Returning to process 300, a new master object is created at S380 is the determination at S360 is affirmative. The new master object is associated with the primary key of the object, a group ID that is incremented with respect to a last-created master object, and a delta ID equal to the incremented group ID. Flow returns to S340 from S380 to provide an OID associated with the newly-created master object and continues as described above.

Process 300 may therefore be executed to create any number of master objects associated with a respective OID and with a single primary key, as well as any number of delta objects for each master object. FIG. 6 illustrates relationships between primary key 400, master objects 410 through 430, and associated delta objects according to some embodiments. Master object 430 represents any master object that may be created according to process 300, OID 432 represents a pointer referencing object 430, and delta objects 434 and 436 represent a 1 st and an mth delta object of master object 430.

According to the FIG. 6 arrangement, a single OID may not be sufficient to reference all objects associated with a single primary key. For instance, a read operation using only OID 422 would yield an incomplete reading of the object associated with primary key 400. A read operation using primary key 400 may, however, correctly read the object by reading all related master and delta objects.

Different transactions may attempt to change or delete objects associated with OIDs generated as described above. FIG. 7 is a flow diagram of process 700 to provide primitives that may be used to synchronize OID-specific operations requested by different transactions. Process 700 concerns operations associated with a single OID, but may be performed in parallel with respect to any number of OIDs.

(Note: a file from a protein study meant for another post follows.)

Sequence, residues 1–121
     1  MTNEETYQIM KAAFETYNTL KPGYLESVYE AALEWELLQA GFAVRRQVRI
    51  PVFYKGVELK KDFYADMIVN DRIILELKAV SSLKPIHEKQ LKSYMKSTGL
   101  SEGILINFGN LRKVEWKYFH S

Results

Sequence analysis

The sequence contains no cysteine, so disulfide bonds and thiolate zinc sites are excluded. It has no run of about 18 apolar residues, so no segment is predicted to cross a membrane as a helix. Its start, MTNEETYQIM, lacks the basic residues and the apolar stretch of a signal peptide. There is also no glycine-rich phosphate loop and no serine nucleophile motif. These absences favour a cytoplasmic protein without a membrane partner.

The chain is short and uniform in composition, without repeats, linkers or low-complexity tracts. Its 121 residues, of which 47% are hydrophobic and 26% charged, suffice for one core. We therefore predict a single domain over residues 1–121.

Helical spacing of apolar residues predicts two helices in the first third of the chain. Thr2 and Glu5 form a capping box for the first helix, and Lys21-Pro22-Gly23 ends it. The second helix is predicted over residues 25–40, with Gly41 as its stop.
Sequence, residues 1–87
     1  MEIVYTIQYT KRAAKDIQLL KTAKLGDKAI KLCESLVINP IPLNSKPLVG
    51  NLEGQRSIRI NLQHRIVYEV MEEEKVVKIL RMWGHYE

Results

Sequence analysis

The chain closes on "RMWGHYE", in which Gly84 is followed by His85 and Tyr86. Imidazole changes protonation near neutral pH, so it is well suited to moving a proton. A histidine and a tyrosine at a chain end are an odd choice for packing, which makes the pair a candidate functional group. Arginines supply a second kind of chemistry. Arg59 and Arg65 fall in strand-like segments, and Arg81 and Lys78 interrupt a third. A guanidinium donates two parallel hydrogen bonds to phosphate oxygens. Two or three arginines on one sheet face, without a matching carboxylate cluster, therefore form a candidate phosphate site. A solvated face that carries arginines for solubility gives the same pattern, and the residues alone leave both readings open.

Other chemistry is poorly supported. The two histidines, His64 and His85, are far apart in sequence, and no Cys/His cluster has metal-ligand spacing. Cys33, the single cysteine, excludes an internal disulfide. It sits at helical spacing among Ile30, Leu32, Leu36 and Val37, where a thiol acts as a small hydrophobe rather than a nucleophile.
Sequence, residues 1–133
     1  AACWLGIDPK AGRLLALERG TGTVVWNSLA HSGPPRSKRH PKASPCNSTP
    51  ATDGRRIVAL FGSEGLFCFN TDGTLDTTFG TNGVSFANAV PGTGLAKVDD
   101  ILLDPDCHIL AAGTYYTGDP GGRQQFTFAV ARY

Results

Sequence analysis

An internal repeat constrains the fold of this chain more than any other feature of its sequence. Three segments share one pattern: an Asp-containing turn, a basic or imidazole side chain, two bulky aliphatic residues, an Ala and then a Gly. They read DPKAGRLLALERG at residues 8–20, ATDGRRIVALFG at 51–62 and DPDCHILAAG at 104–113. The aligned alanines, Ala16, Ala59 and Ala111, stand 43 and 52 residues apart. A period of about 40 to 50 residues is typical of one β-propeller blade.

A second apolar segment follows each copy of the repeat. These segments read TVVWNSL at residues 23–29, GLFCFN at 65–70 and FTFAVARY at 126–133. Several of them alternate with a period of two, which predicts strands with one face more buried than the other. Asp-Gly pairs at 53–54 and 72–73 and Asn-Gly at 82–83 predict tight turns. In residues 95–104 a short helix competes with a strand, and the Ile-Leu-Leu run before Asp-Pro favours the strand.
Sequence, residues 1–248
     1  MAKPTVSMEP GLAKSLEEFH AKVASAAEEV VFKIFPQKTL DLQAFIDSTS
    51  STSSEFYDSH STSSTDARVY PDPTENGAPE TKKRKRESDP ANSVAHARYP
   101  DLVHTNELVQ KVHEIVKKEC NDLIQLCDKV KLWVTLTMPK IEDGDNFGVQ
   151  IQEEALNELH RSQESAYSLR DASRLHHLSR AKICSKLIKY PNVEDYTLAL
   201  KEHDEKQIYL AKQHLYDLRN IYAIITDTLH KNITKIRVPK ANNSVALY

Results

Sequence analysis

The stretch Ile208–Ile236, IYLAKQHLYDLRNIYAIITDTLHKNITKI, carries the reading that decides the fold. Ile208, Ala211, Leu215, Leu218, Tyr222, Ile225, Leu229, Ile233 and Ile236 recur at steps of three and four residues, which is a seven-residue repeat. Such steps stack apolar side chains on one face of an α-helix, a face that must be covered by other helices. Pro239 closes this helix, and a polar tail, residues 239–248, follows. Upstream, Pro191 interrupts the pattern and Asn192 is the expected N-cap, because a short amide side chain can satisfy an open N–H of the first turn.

A master object is initially created at S710. As described with respect to S330 and S380, the master object is associated with the primary key of a database object of interest, a group ID and a delta ID equal to the group ID. As also described, creation of the master object results in creation of a pointer (i.e., an OID) referencing the master object.

Next, at S720, a data structure is created associated the OID of the object with a current index equal to 1 and a delta object map. FIG. 8A illustrates master object 800 and associated data structure 810 according to some embodiments of process 700. Master object 800 is referenced by OID 820 and includes other object data 830 in addition to the aforementioned primary key, group ID and data ID.

Data structure 810 is accessible to all transactions according to some embodiments. For example, data structure 810 may be located within a shared memory of server 110 if each transaction runs in a different process on server 110. Alternatively, if the transactions run as multiple threads within one process, the data structure may exist in an address space of the process.

Delta object map 840 provides an indication of each existing delta object that is associated with master object 800. In the current example, the lack of set bits in map 840 indicates that no such delta objects exist.

A transaction request to change an object associated with the subject OID is then determined at S730. The transaction request may be received by the process executing process 700 or may otherwise be detected thereby. In response, the current index is incremented at S740 and a delta object is created at S750. The delta object is associated with the primary key of the object, the group ID of the master object created at S710, and a delta ID equal to the incremented current index.